Worldwide, heart disease is responsible for millions of deaths and, in the US, is the most common cause of death despite ongoing advancements in therapy. Several conditions fall under the umbrella of the term ‘heart disease,’ the most common being coronary artery disease or CAD. If left untreated, CAD can lead to a heart attack that, if non-fatal, can significantly impact a patient’s quality of life. For those high-risk patients with a known history of significant cardiovascular disease, secondary preventive strategies are generally instituted to reduce mortality, improve symptoms, and minimize the risk of recurrent adverse cardiovascular events. Anti-cholesterol medications, for example, are an effective form of secondary prevention. Perhaps less well understood is the impact of anti-inflammatory agents for the treatment of heart disease.
Emerging evidence has demonstrated that the immune system plays a significant role in the progression of heart disease. Following cardiac injury, a robust inflammatory response is produced, resulting in a cascade of cellular events and ultimately, tissue damage. As such, studies have been conducted to evaluate the effectiveness of specific anti-inflammatory agents in the treatment of heart disease. In August 2021, the results of a systematic review and meta-analysis investigating related studies were published. Eighteen randomized controlled trials (RCTs) were selected for review, which included over 67,000 participants in total. Primary outcome measures were recurrent heart attack and stroke, as well as all-cause mortality. Studies utilizing non-steroidal anti-inflammatory medications were excluded.
Although a pooled analysis of RCTs did not demonstrate a statistically significant reduction in primary endpoints with anti-inflammatory medications, subgroup analysis showed that the use of certain anti-inflammatory drugs in patients with stable heart disease reduced the risk of recurrent heart attack and the need for revascularization. Notably, Colchicine which has traditionally been used to treat certain forms of arthritis, demonstrated the most considerable benefit.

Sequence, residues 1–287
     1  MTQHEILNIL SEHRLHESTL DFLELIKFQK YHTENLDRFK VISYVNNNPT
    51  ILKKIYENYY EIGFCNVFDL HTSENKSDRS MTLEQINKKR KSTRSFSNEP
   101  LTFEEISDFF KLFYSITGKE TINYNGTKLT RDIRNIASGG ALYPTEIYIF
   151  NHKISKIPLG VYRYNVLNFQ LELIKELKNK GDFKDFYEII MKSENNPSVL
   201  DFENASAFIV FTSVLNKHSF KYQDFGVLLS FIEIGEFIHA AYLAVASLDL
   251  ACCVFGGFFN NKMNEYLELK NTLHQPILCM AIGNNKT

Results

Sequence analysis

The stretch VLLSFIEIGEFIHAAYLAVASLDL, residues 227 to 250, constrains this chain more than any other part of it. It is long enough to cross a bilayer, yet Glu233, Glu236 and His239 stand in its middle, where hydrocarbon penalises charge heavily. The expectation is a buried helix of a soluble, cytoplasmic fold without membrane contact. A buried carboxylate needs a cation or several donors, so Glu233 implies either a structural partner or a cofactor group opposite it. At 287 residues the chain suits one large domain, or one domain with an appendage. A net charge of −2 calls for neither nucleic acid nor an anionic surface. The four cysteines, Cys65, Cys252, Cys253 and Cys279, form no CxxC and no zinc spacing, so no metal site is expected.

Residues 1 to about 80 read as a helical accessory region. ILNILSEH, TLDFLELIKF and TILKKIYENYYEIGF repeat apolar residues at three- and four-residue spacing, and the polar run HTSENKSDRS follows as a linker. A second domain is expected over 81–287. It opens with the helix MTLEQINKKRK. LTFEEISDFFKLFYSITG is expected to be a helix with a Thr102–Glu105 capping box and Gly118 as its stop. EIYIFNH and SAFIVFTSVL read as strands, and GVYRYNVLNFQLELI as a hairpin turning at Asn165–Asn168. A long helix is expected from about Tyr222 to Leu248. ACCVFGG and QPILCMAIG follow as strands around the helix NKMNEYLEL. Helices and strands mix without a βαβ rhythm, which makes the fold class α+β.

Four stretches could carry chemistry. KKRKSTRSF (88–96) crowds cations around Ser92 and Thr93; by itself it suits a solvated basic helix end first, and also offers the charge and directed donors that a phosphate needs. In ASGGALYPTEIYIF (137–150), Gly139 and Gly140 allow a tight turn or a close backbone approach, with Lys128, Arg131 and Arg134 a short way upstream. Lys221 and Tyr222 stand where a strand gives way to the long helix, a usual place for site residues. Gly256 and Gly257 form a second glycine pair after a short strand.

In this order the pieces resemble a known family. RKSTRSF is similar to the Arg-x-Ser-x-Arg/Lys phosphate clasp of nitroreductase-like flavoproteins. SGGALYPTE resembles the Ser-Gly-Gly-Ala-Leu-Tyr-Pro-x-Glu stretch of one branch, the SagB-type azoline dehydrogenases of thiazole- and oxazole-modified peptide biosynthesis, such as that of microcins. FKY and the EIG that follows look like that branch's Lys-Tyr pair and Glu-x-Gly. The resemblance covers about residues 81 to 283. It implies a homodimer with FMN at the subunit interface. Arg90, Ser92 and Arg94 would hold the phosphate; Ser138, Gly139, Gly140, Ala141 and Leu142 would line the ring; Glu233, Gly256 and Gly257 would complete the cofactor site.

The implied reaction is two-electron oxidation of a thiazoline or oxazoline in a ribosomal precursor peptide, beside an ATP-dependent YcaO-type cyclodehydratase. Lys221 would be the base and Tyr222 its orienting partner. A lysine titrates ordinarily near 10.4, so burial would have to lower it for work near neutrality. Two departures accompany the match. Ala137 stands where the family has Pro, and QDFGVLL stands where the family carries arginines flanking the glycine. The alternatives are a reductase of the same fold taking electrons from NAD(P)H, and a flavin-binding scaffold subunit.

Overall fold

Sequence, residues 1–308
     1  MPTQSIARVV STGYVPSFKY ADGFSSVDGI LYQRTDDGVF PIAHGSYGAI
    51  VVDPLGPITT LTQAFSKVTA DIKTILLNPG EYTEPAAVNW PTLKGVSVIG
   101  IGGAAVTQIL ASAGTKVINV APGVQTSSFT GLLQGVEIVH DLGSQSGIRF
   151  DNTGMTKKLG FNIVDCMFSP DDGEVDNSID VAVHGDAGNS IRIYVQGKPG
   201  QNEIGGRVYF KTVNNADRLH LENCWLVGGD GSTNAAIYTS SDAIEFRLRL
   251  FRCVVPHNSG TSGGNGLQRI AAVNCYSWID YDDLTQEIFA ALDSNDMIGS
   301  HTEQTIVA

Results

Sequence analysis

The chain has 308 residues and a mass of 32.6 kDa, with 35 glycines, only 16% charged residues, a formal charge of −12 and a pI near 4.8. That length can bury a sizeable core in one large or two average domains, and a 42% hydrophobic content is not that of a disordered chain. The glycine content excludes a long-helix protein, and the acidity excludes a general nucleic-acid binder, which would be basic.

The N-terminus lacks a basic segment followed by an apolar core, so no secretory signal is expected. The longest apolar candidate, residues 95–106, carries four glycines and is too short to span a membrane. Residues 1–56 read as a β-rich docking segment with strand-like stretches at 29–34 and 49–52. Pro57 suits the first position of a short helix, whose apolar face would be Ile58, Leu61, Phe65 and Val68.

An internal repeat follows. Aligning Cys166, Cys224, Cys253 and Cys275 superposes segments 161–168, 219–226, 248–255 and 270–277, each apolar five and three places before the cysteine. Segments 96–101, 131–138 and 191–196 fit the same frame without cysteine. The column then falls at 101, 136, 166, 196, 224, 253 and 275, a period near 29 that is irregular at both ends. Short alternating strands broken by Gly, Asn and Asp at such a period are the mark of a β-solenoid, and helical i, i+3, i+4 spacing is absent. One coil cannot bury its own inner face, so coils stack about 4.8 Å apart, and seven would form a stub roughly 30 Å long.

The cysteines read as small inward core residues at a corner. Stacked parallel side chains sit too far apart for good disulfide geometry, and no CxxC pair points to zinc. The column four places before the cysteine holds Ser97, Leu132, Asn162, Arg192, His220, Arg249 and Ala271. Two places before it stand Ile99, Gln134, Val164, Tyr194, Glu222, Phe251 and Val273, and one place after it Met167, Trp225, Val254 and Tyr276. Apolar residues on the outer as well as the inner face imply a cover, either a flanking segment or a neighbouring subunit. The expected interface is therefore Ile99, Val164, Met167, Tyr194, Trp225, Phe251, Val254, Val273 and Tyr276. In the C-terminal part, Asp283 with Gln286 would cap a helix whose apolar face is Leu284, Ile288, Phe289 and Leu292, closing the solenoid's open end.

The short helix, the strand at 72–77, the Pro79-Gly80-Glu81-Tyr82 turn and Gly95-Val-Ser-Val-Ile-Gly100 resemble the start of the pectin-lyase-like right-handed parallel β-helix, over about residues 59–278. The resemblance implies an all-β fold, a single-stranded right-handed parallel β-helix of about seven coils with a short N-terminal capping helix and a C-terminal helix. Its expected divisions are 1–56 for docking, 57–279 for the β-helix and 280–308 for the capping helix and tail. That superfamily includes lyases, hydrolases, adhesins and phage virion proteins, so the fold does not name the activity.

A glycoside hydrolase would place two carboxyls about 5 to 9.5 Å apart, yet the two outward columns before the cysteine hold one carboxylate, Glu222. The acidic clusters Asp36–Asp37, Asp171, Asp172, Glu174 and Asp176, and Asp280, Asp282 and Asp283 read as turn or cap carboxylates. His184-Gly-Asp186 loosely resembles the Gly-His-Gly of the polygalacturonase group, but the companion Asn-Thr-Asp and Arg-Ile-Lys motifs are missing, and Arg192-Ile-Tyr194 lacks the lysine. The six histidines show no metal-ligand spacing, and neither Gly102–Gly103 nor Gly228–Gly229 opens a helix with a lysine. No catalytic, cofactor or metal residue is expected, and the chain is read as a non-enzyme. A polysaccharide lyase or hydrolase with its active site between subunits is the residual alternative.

Although these results are promising, it should be noted that the review demonstrated limitations such as a small sample size in some studies and a risk of bias in others. Not all participants with heart disease benefited from anti-inflammatory therapy, and studies also showed an increased risk of infection with such treatment. However, despite these limitations, this strong body of evidence suggests that the administration of anti-inflammatory therapy may improve long-term cardiovascular outcomes in those with heart disease and should therefore be considered in select patients following a careful analysis of individual risks and benefits.